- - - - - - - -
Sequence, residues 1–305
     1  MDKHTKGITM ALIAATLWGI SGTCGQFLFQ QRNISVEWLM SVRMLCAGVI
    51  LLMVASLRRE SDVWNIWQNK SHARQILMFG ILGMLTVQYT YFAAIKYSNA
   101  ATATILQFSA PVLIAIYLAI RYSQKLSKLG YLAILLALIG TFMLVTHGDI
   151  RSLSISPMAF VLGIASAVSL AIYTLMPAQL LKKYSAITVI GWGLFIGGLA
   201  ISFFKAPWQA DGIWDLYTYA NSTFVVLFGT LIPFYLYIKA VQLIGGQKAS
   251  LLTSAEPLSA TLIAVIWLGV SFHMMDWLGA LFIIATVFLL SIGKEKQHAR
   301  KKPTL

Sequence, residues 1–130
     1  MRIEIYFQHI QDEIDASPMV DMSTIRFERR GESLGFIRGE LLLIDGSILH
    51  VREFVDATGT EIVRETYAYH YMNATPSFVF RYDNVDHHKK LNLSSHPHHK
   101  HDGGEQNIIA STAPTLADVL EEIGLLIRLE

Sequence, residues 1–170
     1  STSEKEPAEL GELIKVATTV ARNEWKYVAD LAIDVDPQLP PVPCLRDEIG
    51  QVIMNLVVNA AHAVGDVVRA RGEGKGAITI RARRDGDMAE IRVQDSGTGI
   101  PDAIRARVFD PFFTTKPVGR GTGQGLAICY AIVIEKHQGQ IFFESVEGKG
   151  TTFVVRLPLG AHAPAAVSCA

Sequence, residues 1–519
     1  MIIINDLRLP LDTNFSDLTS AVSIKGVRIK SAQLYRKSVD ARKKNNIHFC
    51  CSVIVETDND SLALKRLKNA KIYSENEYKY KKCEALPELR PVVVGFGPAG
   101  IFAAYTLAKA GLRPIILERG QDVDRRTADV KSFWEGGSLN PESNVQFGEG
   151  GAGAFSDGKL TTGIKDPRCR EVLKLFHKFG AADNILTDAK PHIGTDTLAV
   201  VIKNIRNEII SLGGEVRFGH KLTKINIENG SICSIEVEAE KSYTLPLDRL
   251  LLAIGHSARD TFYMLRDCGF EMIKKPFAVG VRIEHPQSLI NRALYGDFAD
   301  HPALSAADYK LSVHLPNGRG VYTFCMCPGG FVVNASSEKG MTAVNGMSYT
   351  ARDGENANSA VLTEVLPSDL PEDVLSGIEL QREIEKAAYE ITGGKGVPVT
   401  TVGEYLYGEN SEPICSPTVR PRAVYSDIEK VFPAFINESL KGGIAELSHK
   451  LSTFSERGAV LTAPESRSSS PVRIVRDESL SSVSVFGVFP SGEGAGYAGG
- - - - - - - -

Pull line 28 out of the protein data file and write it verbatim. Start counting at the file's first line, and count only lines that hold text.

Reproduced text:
   451  LSTFSERGAV LTAPESRSSS PVRIVRDESL SSVSVFGVFP SGEGAGYAGG